Office coach: Save career, leave crazy workplace

Marie G. McIntyre
Tribune News Service

Q. My manager doesn’t like dealing with people. “Karen” usually asks me to handle any matters involving the staff or other departments, while she spends her time working on the computer. She also has me rewrite her emails because she has a history of getting into conflicts.

Although my official job title is assistant manager, I have many duties that aren’t management-related. Whenever I propose delegating certain tasks to the staff, Karen says the staff members are too stupid to be trusted. As a result, I’m stuck doing a lot of work that should really belong to other employees or my boss.

To make it worse, my pay is based on a job description that doesn’t reflect the management duties I’ve been given. When I asked human resources to review my position, I was told that despite my title, I’m not considered a manager because I don’t do performance reviews. They suggested that I should just refuse to do Karen’s tasks.

I can’t seem to find a solution to this problem. Our higher-level manager never intervenes in department issues, so he won’t be any help. Human resources is obviously useless. Karen says she would be lost without me, so I can’t abandon her. What should I do?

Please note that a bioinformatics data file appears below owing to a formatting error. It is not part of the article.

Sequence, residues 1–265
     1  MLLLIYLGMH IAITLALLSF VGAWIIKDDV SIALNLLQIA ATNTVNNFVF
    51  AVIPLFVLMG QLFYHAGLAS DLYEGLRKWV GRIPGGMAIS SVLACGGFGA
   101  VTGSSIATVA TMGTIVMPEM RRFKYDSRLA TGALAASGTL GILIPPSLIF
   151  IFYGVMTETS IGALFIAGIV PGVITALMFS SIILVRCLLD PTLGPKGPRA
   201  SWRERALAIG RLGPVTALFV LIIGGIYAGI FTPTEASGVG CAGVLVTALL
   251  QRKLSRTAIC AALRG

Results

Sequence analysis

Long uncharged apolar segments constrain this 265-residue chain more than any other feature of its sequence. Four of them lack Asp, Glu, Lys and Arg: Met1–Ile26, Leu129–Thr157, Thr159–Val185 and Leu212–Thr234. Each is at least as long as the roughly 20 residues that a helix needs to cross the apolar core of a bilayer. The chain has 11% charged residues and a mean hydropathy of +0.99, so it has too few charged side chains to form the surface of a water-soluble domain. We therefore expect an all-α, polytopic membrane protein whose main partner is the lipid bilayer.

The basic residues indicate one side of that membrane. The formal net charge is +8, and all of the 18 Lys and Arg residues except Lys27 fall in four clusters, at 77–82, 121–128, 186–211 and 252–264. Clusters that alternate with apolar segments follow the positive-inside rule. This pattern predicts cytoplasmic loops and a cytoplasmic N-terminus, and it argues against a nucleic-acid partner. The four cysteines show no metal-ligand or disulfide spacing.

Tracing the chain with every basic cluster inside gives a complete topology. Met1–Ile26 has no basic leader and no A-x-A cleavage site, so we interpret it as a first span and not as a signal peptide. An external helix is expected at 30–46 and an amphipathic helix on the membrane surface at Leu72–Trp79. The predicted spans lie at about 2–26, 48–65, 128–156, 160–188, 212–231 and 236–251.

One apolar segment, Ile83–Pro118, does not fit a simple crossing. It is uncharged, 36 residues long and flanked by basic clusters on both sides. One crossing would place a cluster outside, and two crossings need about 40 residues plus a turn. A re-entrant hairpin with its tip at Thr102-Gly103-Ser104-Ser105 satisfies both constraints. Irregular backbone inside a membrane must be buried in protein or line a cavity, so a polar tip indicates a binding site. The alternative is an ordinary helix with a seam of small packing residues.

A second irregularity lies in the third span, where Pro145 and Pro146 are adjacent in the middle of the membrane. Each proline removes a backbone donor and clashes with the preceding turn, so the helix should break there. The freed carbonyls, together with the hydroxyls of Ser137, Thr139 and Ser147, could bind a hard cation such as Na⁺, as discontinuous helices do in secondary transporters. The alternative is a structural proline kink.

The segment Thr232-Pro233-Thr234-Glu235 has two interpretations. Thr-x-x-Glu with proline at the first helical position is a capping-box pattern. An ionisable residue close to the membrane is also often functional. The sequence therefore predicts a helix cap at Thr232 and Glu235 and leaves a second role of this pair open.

A. To sum things up, you have an immediate supervisor who shuns human interaction and insults her staff, a senior manager who refuses to manage and an HR department that advises you to blatantly defy your boss. It’s no wonder you’re feeling hopeless because that is one screwed-up organization.

Since you can’t fix this dysfunctional management culture, it’s time to reconsider your reluctance to “abandon” your boss. Karen is a grown woman whose problems are clearly of her own making, so you have absolutely no obligation to save her from herself. Instead, you need to save your own career by getting out of this crazy place.

Q. One of my co-workers is constantly asking me for advice. For example, “Brad” might want me to review a report or give my opinion about a project plan. Although Brad earns twice what I do, he seems unable to operate independently. I’ve tried to be helpful, but his questions take up a lot of time. What can I do about this?

A. Your pesky colleague continues to ask questions because you keep giving him answers. If you want Brad to become more self-sufficient, then you must stop rewarding his needy behavior. Although you don’t have to be rude, you do need to be consistently non-responsive.

In the future, when Brad asks for assistance, be prepared to offer some standard discouraging replies. Examples might include “I’m sorry, but I really don’t have time to talk right now,” or, “That’s probably a question for your manager,” or, “I don’t think this is something I can help with.”

To avoid seeming harsh, always remember to deliver these comments with a friendly smile. If you keep this up and avoid offering any advice, eventually Brad will find a new security blanket.

Marie G. McIntyre is a workplace coach and the author of “Secrets to Winning at Office Politics.”

Twitter: @officecoach